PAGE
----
The Sapient Ape

Life as an employed MBA grad during an economic recovery. DISCLAIMER: Everything written here is fiction.

Diamond in the Desert

So my posts have been kinda on the dark and gloomy side lately, or maybe more serious than usual.  It reflects my mood at the moment, but that will change soon.

This is just gonna be a short one — I’m in Dubai Airport right now on the way to Dhaka, so I have some time to kill.  I’m drinking a beer at 930 am local time.  I can’t believe how many immigrants live in this city/country.  I would say 25% of the population is East Asian, mostly Chinese and Indonesian.  About 40-50% is South Asian, most of them Bangladeshi.  And then you have the locals, who perhaps make up about 20%, with white people maybe making up 5-10% (although I can’t really tell that from the airport, but its an educated guess from the number of MBAs I know working here, multiplied by the number of hot stewardesses I see).

I stopped at one of the duty free stores and rocked out some Guitar Hero — I turned around after “No sleep till Brooklyn” and found I’d drawn a crowd — I guess I’m a rock star wherever I go — is there any way I can leverage that?!?!

Before I left I was dreading this trip, but my experience in the airport so far just reaffirms that I need to come back to Asia at some point.  It IS the future.  Infrastructure is so super-developed here — it really does make the US look like a third-world country.  I know this isn’t true everywhere, or even in the majority of places, but its true enough at the major hub cities around Asia.

Of course at the same time, society is more close-minded and conservative, but really, in Dubai at least, I don’t feel that its much more conservative than like Arkansas or something!   Diversity breeds openness.  Some people may dress more conservatively, but like I said, when its only 20% of the population you barely notice.  And multiply that by .4 for the number of women actually wearing that long black thing, and its really not a big number.

I think I could really clean up here, in terms of the ladies.  Ha ha!  Is that a joke?  I’m not really sure.  But I hear there’s a dearth of places where you can go out and meet people/women, which could be  a bit of a damper on the picking-up-chicks scenario.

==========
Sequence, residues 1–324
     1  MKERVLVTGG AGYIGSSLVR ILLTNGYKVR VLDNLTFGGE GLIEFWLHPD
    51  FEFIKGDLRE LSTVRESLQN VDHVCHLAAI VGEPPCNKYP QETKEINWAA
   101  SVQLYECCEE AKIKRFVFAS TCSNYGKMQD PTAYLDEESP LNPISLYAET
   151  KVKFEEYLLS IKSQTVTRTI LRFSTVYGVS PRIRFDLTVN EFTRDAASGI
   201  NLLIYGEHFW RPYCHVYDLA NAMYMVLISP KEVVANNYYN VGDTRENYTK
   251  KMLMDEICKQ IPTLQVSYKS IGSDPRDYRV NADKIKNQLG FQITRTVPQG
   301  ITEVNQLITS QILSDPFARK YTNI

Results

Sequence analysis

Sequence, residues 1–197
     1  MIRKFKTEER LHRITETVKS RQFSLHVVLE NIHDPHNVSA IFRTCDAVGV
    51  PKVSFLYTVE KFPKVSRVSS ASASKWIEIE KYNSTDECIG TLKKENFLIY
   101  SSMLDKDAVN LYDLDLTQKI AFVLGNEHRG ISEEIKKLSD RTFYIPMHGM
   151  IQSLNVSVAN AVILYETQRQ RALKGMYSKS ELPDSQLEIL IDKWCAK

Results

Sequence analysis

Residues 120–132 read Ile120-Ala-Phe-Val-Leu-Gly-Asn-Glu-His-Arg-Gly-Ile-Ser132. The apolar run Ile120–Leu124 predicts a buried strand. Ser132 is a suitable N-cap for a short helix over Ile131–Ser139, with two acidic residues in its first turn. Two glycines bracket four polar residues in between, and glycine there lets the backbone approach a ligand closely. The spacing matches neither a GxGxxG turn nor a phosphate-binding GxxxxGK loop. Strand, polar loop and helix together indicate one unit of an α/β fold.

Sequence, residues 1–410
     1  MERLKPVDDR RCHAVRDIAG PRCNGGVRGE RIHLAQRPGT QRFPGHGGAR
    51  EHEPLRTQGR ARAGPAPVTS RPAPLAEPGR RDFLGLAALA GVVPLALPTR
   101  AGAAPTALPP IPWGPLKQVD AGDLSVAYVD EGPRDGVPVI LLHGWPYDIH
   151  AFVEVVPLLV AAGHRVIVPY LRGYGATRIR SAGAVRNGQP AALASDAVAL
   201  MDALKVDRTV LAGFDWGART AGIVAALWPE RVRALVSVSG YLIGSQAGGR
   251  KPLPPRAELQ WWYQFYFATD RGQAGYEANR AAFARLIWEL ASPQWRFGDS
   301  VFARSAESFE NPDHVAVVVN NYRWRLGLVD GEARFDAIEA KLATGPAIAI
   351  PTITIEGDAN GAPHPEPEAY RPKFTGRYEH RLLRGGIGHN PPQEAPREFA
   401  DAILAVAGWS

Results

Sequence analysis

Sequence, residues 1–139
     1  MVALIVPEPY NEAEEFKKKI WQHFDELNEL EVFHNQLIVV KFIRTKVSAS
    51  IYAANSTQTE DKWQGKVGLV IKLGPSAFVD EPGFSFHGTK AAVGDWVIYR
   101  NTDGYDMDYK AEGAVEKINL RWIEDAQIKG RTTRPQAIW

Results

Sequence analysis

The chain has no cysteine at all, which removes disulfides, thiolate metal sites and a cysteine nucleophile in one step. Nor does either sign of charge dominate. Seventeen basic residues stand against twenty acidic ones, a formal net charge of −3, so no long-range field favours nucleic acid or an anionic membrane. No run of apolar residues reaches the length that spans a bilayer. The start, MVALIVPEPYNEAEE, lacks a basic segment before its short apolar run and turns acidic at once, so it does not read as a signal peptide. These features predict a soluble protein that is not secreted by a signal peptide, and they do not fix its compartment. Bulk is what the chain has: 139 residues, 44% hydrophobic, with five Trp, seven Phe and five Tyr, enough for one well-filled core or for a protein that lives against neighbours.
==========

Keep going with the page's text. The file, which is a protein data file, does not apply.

A friend of mine also mentioned that reports of Dubai’s dying economy are greatly exaggerated — its no worse off than anywhere else right now.

That’s all for now, I guess — sitting at an airport bar is only so interesting.  More tomorrow or the day after… when I finally reach my destination — the hot, sweaty, dirty city that is my semi-home…. Dhaka.

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Filed under: traveling, , , , ,

4 Responses

  1. James says:

    But what does Dubai really have going for it? Their proximity to oil and that they are more hospitable to foreigners than other Middle Easter Countries.

    The locals (not foreign workers) of UAE aren’t particularly creative like in the US or willing to do alot of work for small pay like China.

    Of course Asia is the future. It has half of the world’s population.

    • Sapient Ape says:

      you’re right — dubai doesn’t inherently have much to offer. but the fact that they have had to import large numbers of foreigners, to the point that 50% or more of the city’s population is foreign, means that at some point, they’ll have reconcile with that immigrant population.

      and like new york, or london, and singapore, the conditions dubai has created — high immigrant population, open commerce laws, and a geographic location that is conducive to become a center for trade, are really all that these other mega cities had. its a formula that has worked the world over, and unless our underlying economic model takes a HUGE shift, a formula that will continue to work in the future.

      as far as the locals, you’re right, but as they get marginalized (true — foreigners have yet to gain all the rights that locals do), significant changes will be needed in their immigration law in order to quell the unrest that is inevitable in 20-30 years. dubai is a city that absolutely relies on its foreign labor, which actually IS cheap.

      and if we make the comparison to china — the local labor may be cheap, but in reality, from someone who has been there, there are really two chinas. urban, middle class china, and rural poor china — guess which one does all the labor cheaply?

      i’m not saying dubai is a great city — yet. but i am saying that it has many of the conditions necessary to become a city in its own right with its own culture, its own commerce that is not artificially created by its government, and its own civil society. if the government here continues to make the right decisions, they don’t really need the continued support from the oil economy to be successful.

  2. JGreenz says:

    It’s called a veil

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